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Assessment of a Multi-University Unmanned Systems Capstone Design Project

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2013 ASEE Annual Conference & Exposition


Atlanta, Georgia

Publication Date

June 23, 2013

Start Date

June 23, 2013

End Date

June 26, 2013



Conference Session

Capstone Design and Innovations in ECE

Tagged Division

Electrical and Computer

Page Count


Page Numbers

23.222.1 - 23.222.17

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Paper Authors


George York U.S. Air Force Academy

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George York, PhD, PE, became an Associate Professor of Electrical and Computer Engineering at the United States Air Force Academy, CO, in 2005. He received his PhD in Electrical Engineering from the University of Washington in 1999. His research interests include the cooperative control of intelligent systems, digital signal processing, and embedded computer systems. He is a Senior Member IEEE.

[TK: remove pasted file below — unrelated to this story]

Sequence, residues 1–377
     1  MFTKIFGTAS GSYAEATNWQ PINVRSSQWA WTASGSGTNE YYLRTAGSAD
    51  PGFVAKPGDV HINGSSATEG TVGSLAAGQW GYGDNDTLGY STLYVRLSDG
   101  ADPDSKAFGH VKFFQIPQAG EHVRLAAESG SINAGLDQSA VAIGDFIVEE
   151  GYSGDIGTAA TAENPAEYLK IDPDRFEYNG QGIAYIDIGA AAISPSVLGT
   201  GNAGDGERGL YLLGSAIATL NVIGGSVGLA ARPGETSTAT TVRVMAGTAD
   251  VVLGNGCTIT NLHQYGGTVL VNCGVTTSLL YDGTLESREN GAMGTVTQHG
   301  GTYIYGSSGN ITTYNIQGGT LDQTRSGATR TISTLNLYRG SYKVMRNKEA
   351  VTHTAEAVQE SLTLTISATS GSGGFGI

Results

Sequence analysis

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Erlind George Royer Academy Center for Unmanned Aircraft Systems Research, Department of Electrical and Computer Engineering, USAF Academy, CO

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Dr. Royer served for 30 years in the United States Air Force, 11 1/2 years of which was spent at the USAF Academy. His last USAF assignment was as the Dean of the Faculty, USAF Academy, in the grade of Brigadier General. After seven years in industry, Dr. Royer returned to the Academy as a Distinguished Visiting Professor for five years. He then joined the Academy Center for UAS Research and currently supports the Center as a part-time consultant.

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Daniel Harold Harold


Daniel D. Jensen U.S. Air Force Academy

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Dr. Dan Jensen is a Professor of Engineering Mechanics at the U.S. Air Force Academy where he has been since 1997. He received his B.S. (Mechanical Engineering), M.S. (Applied Mechanics) and Ph.D. (Aerospace Engineering Science) from the University of Colorado at Boulder. He has worked for Texas Instruments, Lockheed Martin, NASA, University of the Pacific, Lawrence Berkeley National Lab and MSC Software Corp. His research includes design of Micro Air Vehicles, development of innovative design methodologies and enhancement of engineering education. Dr Jensen has authored approximately 100 papers and has been awarded over $3 million of research grants.